Family Faves in North Wales – Dinas Dinlle, Caernarfon Airport and Caffi HEMS
Due to the popularity of the 6 things to do in North Wales on a budget, I thought I would expand a little bit on things to do here with toddlers and children. If you’re visiting, planning a holiday over the summer, or if you live locally, there’s so much to do it’s mind blowing. The diversity of the North West Wales landscape is ideal for mini explorers. One of our favourite places on our doorstep to visit is Dinas Dinlle. It’s our local beach, so I grew up biking down and meeting friends in the Summer, sitting on top of Bryn Dinas looking over the Irish Sea trying to catch a tan.
Even when I moved away this spot has always drawn me back, because it’s so beautiful. Between mountain and Sea. It’s very quiet in the winter, and quite busy in the summer. As you would imagine a resort to be. We usually pack a picnic, but there is the obligatory fish and chip shop, ice cream parlour and gift shops along the 1.5 mile stretch of coastline. I would highly recommend a trip down to Caernarfon Airport and the aviation museum, and a visit to Caffi HEMS.
Dinas Dinlle History
There’s a truly lovely little story you can tell the kids about this part of the country too. Around 3000 years ago, on top of the hill behind the beach was a ring fort. Built to spot invading Irish from pillaging the coasts. Part of the hill has eroded away into the sea by now. The name itself is representative of Lleu Llaw Gyffes, who was an early Welsh prince, the Mabinogion (Welsh legends and folklore) refer to the fact that he built the fort to protect his people (Dinas means city, Dinlle from Lleu’s castle).
Moving into the 20th Century, it played a part in the Second World War when the Royal Air force built RAF Llandwrog. Over the years the unused hangars and buildings became dilapidated. In 1976, it was reopened for flying by Keenair and now supplies both pleasure flights and domestic commercial flights.
Spending the day
As a family of five, we quite often spend the day between the beach and the airport. The beach is mostly pebble but has plenty of parking, a mile and a half of good solid concrete walkway for pram pushing and wheelchairs. It is accessible with a wheelchair in the central part where there is a small jetty. Parking is free and not a problem, even on the most busy of days. There are loads of caravan sites here if you want to make a holiday of it, we drive down, and the road is a tiny country lane. So as with everywhere else, be prepared for the odd idiot who doesn’t know the size of their car.
In winter we walk the length of the beach. In summer there are glorious alcoves of sandy beach ideal to set up with camping chairs. Plenty of rock pools and sand castle making material to keep the little ones entranced for hours. The views alone will keep you happy. On a nice day you can see most of Yr Eifl mountains and the backdrop is the whole of the Snowdonia mountain range. In the afternoon, or if you get bored, the airport is a mile walk or a five-minute drive from the beach.
We visited the museum, and the Welsh Air Ambulance Caffi HEMS this morning, and had a glorious time. We spent about 4 hours at the airport, got there around nine in the morning and left after one. Quite a number of gliders and aeroplanes take off before they prepped the Welsh Coast Guard helicopter. G got most excited about watching this huge heli take off! G has been getting up at stupid o’clock recently hence why we were so early. The café and museum open at ten, but I would recommend getting there earlier to see all the prepping that goes on before they open.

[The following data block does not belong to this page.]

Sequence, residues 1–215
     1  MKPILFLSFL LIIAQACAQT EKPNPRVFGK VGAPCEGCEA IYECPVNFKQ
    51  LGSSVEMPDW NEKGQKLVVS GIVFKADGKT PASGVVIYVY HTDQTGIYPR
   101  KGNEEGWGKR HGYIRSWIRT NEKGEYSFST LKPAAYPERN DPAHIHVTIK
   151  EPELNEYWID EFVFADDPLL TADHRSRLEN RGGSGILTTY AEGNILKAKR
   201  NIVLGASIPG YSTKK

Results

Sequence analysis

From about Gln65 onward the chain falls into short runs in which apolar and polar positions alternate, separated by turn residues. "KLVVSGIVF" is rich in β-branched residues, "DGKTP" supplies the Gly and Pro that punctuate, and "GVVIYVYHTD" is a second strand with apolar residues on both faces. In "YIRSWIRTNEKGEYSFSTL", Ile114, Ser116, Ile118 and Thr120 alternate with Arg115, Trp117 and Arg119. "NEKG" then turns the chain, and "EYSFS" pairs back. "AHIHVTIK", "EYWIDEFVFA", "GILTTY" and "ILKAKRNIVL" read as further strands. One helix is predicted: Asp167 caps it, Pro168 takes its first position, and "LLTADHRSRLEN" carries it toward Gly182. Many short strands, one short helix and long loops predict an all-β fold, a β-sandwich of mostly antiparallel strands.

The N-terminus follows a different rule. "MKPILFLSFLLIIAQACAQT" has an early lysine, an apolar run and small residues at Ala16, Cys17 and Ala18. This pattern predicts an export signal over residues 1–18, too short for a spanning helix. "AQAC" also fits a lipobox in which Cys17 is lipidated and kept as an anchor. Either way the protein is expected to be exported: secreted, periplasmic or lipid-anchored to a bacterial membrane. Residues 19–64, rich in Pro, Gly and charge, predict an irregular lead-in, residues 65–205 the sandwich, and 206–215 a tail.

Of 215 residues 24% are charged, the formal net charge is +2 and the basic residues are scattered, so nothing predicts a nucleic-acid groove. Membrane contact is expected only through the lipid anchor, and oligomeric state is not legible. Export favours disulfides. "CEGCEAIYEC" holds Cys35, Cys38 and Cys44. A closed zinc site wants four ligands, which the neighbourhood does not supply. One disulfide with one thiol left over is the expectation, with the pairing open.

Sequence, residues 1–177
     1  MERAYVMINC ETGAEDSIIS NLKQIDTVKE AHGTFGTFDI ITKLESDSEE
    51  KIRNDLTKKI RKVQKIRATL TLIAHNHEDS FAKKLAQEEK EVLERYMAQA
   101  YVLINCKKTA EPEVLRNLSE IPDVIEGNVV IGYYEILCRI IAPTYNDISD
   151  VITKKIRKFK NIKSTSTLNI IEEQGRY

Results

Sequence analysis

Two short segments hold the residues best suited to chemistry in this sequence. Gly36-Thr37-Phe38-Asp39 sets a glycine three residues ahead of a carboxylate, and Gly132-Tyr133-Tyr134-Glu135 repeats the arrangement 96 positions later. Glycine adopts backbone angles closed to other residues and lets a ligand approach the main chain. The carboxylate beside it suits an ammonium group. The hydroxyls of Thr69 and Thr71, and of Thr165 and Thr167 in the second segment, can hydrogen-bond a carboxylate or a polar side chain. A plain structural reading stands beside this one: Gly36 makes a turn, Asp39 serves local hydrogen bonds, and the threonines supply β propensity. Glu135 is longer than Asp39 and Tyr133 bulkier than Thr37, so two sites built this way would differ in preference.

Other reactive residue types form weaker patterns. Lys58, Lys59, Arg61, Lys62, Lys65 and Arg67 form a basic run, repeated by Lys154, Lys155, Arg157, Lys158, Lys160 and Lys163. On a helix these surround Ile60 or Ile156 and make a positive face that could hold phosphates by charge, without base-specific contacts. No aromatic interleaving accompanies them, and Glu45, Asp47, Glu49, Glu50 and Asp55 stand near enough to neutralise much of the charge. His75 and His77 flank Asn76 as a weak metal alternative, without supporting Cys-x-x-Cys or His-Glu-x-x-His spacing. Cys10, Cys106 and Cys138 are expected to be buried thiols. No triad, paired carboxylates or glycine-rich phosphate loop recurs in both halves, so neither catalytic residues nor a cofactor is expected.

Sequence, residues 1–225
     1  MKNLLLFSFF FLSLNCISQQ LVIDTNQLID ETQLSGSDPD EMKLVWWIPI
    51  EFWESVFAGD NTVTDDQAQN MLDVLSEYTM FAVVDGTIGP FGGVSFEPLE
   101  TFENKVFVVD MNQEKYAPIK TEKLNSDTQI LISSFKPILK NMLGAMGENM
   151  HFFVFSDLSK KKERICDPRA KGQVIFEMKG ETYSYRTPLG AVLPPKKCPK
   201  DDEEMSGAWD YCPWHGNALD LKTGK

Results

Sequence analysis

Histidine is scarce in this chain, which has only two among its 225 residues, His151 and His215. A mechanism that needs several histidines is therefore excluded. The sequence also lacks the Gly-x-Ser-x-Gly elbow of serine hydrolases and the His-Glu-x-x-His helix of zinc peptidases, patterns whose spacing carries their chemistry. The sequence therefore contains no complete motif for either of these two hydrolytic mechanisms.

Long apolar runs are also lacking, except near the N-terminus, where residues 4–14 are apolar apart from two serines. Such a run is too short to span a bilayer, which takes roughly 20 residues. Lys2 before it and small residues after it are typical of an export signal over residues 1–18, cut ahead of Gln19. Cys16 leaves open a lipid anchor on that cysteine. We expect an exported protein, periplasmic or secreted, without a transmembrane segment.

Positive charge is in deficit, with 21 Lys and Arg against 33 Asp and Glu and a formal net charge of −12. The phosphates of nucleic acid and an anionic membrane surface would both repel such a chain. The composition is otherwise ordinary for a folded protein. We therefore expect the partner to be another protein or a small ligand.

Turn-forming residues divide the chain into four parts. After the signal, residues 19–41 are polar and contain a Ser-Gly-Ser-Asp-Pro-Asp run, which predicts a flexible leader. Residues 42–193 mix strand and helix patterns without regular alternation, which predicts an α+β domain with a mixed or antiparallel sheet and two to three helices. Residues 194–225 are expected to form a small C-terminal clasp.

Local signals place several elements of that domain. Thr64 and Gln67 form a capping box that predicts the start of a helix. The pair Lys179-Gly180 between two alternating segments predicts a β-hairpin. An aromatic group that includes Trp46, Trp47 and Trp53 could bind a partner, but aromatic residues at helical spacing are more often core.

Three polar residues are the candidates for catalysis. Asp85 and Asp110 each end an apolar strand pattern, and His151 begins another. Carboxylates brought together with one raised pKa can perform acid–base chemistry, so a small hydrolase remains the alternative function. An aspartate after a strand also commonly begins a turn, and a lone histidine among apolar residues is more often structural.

We had a small brunch at Caffi Hems. The caff is tun by the air ambulance, and I must say not only was the food glorious and fairly priced, but the staff were so welcoming. We asked for something off menu, and were told it was absolutely no problem. The quality and variety of food available was second to none. I had a bacon and sausage sandwich, and the kids all wanted something for their brunch – mostly bacon baps, and of course we had a cake. The bill only came to £16, less than it would cost for a visit to a fast food establishment, but with much higher quality.
Meat is locally sourced and cooked to order, fresh as you wait. If you can say no to the cakes, you’re stronger than I am! The afternoon tea in this post’s featured image was kindly put together by a member of staff for the sake of this post. I’d just like to say a HUGE thanks for that! You can also view the sweet treat on my insta. There are a variety of gluten-free treats too. Even ice cream for your dog!
G learns to fly
Museum costs totalled £16 for me and two children and we spent quite a while in here. There are a number of historic planes that the children just went mad for, because they’re interactive. Most of the planes in the converted hangar are real retired planes. All three kids, from 13 to 2 really enjoyed sitting in the plane seats, and soaking up the history which I read to them from boards placed beneath the boarding steps.
The whole building is steeped in history. From mountain rescue, to WW2, to air crashes that happened around Snowdonia. There’s even a recreated 1940’s cinema and a rescued flight simulator within.
A day here is a day well spent. Everything is accessible with a pram, you can take a picnic, but I’d highly recommend popping into the café. We could have spent at least another hour here this morning. All in all, if you’re planning a short holiday, on a budget with the family, this place is just fabulous.
Total cost = £32
Enjoyment rating = PRICELESS